My disgust — what the hell are “Super Features”? — soon hardened into indifference. I’ve been a full-time freelance writer since 2008. Inspired by Roger Ebert’s annual “Movie Yearbooks” and Entertainment Weekly during its smart, snarky mid-’90s heyday, a healthy chunk of my career was spent trying to be an entertainment writer. I saw gigs like this, built on speed and clicks and being kind of, sort of, not really adjacent to showbiz, all the time.
I had some of them. I wrote posts for an entertainment blog for $6 a pop. I profiled actress Rose Byrne, who was lovely, for the unpleasant rate of $12. This personal essay on dating shows fetched me nothing.
I’ve written about my travails as a movie reviewer before. The balcony isn’t just closed; I fear it’s bricked solid.
startribune.com – Saturday July 8, 2023
Here's a grab bag of gifts for those who want to remove common errors from their writing.
Common error No. 1: Misuse of a plural verb.
"In the end, neither the malicious glee from the Right nor the aggressive minimization from the Left are treating this case with the sensitivity it deserves."
Because that sentence cites two elements — malicious glee and aggressive minimization — the writer has been seduced into using the plural verb form "are treating." But the controlling form — neither/nor — requires the singular verb "is treating."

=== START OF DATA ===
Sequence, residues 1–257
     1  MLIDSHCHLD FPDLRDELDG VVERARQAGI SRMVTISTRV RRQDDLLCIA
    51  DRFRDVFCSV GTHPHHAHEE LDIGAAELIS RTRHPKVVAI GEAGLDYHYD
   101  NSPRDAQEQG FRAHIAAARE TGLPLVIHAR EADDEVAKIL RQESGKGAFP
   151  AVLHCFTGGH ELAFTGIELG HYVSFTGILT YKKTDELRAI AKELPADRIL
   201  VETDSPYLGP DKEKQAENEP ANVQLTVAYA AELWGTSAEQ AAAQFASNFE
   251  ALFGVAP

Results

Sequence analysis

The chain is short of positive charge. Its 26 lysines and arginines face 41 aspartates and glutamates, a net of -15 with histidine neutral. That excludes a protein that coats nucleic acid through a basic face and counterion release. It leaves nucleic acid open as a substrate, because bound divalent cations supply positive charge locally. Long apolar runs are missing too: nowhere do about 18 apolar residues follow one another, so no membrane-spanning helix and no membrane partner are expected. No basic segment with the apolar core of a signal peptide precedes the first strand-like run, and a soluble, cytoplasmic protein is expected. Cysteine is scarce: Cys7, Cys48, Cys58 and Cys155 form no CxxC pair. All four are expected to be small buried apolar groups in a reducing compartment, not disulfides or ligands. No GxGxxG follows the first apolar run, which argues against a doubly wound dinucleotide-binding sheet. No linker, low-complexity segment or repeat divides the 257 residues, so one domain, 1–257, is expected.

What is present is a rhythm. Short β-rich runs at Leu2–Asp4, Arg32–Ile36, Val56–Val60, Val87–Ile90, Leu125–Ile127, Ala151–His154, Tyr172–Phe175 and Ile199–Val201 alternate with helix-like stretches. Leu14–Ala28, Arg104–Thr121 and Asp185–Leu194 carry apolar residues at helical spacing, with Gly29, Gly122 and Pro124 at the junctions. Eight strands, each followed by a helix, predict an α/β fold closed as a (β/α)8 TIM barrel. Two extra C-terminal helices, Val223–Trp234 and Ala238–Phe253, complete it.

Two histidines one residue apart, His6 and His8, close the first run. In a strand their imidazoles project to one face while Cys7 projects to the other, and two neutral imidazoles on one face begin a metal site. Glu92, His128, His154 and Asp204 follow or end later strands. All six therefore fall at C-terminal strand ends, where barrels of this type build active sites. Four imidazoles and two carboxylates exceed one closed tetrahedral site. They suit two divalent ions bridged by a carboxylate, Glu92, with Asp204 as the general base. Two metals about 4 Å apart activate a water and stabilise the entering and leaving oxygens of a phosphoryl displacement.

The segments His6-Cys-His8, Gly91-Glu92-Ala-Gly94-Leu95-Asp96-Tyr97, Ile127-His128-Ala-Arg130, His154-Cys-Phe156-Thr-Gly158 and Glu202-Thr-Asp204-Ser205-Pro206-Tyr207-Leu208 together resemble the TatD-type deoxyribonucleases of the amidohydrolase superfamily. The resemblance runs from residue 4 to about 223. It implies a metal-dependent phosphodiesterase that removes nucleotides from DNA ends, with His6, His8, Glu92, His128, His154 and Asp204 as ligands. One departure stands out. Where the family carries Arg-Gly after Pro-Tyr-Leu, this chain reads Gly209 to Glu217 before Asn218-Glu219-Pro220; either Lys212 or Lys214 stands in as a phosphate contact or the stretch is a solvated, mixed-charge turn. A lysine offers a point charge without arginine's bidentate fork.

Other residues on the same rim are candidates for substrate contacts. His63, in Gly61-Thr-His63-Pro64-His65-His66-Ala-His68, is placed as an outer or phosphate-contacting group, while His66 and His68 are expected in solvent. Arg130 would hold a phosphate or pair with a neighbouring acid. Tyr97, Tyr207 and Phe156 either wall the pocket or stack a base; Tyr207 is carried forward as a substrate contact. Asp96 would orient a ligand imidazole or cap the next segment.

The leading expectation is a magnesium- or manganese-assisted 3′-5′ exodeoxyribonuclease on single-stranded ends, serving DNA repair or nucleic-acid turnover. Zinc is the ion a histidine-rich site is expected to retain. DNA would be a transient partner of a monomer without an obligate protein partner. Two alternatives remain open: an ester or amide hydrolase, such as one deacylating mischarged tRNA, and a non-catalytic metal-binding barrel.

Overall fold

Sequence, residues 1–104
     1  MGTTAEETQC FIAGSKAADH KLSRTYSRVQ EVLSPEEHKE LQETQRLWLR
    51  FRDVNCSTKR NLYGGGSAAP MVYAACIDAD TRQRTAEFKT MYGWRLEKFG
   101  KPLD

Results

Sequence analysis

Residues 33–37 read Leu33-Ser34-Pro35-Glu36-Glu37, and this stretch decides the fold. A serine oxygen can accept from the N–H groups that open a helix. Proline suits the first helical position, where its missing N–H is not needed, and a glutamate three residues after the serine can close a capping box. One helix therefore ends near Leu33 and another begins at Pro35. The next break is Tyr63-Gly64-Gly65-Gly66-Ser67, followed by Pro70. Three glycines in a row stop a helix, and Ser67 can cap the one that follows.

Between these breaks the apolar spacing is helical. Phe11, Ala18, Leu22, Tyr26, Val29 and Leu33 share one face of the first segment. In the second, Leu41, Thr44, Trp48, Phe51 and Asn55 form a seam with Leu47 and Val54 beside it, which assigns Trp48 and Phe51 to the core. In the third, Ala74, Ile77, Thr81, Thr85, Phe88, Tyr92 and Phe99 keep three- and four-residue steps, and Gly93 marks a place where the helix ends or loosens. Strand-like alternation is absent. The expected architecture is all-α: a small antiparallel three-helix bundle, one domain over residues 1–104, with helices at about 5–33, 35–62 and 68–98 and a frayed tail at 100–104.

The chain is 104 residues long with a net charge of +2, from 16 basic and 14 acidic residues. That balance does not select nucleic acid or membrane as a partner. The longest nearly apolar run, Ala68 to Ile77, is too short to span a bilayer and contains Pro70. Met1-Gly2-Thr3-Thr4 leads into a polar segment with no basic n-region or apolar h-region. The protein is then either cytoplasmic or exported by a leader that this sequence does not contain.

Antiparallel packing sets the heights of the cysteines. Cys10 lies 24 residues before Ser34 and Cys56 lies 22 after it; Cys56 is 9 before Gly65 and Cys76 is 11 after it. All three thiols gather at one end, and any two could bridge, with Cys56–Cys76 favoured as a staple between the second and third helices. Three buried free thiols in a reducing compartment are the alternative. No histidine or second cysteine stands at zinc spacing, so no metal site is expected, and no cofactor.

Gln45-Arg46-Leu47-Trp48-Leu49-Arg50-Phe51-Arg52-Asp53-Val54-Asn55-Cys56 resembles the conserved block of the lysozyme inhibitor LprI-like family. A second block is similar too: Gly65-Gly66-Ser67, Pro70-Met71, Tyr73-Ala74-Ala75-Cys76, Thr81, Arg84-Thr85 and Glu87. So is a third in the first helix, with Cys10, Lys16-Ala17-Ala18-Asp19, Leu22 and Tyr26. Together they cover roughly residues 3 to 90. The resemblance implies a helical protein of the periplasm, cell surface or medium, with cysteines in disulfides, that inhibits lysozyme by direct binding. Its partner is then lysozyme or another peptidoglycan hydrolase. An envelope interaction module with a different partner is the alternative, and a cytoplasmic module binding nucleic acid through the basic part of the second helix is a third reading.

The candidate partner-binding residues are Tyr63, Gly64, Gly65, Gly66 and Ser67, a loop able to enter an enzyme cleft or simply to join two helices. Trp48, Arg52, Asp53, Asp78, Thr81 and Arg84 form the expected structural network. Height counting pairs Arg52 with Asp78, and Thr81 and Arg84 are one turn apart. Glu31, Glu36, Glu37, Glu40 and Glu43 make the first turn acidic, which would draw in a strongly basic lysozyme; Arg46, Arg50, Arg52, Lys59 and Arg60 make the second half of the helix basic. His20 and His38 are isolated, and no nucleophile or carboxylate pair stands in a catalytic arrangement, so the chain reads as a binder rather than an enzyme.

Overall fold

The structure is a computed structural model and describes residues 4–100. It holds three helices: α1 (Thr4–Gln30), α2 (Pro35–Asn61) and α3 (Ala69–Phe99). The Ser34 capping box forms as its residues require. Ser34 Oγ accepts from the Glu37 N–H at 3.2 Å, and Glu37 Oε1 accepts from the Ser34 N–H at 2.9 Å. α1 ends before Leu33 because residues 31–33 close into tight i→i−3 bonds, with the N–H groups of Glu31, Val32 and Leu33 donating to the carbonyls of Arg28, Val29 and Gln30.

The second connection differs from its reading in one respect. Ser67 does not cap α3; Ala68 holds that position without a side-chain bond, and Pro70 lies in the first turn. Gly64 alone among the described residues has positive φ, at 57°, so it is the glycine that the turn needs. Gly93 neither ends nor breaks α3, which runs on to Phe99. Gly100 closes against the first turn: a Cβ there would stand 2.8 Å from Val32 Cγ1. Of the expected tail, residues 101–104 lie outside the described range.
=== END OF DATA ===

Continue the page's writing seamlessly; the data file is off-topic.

The word neither means "this one." The word nor means "that one." The same rule applies with either/or.
|Click here for the rest of this month's articles >|
Information about this newsletter and the firstwriter.com site.
Go to firstwriter.com for the following invaluable resources for writers:
To advertise on this newsletter for as little as $30 / £20 click here
To submit articles, news items, press releases, or any other items of interest to writers, click here
This newsletter has been compiled by firstwriter.com and is protected by copyright. It may not be copied, forwarded, or otherwise distributed in whole or in part without firstwriter.com's written consent.
While every effort is made to ensure that all information contained within this newsletter is accurate, readers are reminded that this information is provided only as a list of potential leads that the reader should follow up with his or her own investigations. Unless otherwise stated, firstwriter.com is not associated with and does not endorse, recommend, or provide any assurances relating to any of the organisations, events, persons or promotions contained within this newsletter, and cannot be held responsible for any loss incurred due to actions taken in relation to information provided. Inclusion does not constitute recommendation.
Please do not reply to this email. The address from which this has been sent is not capable of receiving emails and sending an email to it may cause your subscription to stop. If you have any queries or require any assistance please contact us by going to https://www.firstwriter.com/contact_us.shtml
© firstwriter.com 2023